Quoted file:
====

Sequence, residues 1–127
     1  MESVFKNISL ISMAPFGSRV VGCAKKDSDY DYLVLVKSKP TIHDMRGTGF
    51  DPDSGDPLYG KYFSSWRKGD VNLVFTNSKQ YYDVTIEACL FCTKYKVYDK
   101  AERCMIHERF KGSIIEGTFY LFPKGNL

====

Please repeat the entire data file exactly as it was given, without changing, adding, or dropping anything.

Sequence, residues 1–127
     1  MESVFKNISL ISMAPFGSRV VGCAKKDSDY DYLVLVKSKP TIHDMRGTGF
    51  DPDSGDPLYG KYFSSWRKGD VNLVFTNSKQ YYDVTIEACL FCTKYKVYDK
   101  AERCMIHERF KGSIIEGTFY LFPKGNL